Interesting Facts

A Long History

Plaquemine and Iberville Parish share in prehistoric history as well as our national, state, and local history. Years ago, the National Geographic claimed Plaquemine to be a trade route over a thousand years ago. The Chitimacha Indian mound at Bayou Sorrel was activated before the time of Christ.

The Indian Connection

Pierre Le Moyne, Sieur de Iberville came to Bayou Goula (between Plaquemine and White Castle) in 1699 on five different voyages. In December 1699, Father du Ru with the Jesuits built the first church in the Louisiana Purchase near Bayou Goula amongst the Bayogoulas and the Mugulasha (two tribes domiciled in the same village). The Indians helped Iberville to map out the Indian trade routes from here to Mobile, Biloxi, Natchez, Baton Rouge. "The Indians… lived along a great river they called the Malbanchya, which it is determined must certainly be the Mississippi River.” This is according to Iberville’s journals. 
Building in Plaquemine LA

What Does it Mean?

Plaquemine is an Indian word, translated by the French, which means persimmon.

Historic Roots

Plaquemine has been a Louisiana-designed Main Street City since 1992. There are 21 city blocks included in the National Register of Historic Places.

In addition, the City has four other locally-recognized districts:
  • City's Local Historic District
  • Garden District
  • Old Turnerville District
  • W.W. Harleaux-Captain T.T. Harris District

Plaquemine Lock Historic Site

Plaquemine Lock State Historic Site, which houses the Gary J. Hebert Memorial Lockhouse, which is part of the Louisiana state park system and is located in downtown Plaquemine. The lock was designed by Colonel George W Goethals, who also designed the Panama Canal.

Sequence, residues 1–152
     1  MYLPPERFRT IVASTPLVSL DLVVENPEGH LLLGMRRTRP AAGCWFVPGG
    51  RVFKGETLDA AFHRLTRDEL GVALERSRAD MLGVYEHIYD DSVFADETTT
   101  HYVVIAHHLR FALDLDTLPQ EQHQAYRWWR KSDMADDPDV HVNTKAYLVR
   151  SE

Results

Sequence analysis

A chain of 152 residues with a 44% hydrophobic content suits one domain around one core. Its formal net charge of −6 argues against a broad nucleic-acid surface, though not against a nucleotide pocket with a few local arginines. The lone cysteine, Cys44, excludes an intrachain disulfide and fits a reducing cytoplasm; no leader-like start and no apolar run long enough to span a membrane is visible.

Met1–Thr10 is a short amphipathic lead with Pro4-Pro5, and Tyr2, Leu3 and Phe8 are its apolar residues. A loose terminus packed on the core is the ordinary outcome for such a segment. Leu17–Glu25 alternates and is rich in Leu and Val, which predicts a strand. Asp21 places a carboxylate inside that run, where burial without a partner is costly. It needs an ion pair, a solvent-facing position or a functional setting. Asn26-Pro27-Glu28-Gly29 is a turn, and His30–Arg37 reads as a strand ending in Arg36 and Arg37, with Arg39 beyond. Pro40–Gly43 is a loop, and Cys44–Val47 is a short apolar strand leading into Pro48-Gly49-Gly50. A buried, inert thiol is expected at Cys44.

Our Many Waterways

City of Plaquemine is bordered by the Mississippi River, prehistoric Bayou Plaquemine and connects to the Atchafalaya Basin. It is also home to numerous waterways with plentiful fishing.

Many River Routes

The Mississippi River has a width of about 2,300 feet in this area and ranges from 5 feet to 50 feet in depth. The parish’s waterways are part of the Gulf Intracoastal system that is part of a 3,000 mile Intracoastal Waterway, a navigable toll-free shipping route extending along the Atlantic and Gulf of Mexico coasts in the southern and eastern US. The Plaquemine-Morgan City Waterway provides direct connection west of New Orleans with the extensive Mississippi River Valley system of inland waterways. Among the principal items moved on the route are petroleum and its products, industrial chemicals, pipe and other supplies for the oil fields and sulfur. Navigable rivers in Iberville Parish include:
  • Atchafalaya Basin
  • Atchafalaya Bay
  • Intracoastal Waterway
  • Little Atchafalaya
  • Lower Atchafalaya
  • Lower Grand River
  • Outflow
  • Upper Grand Lake
  • Upper Grand River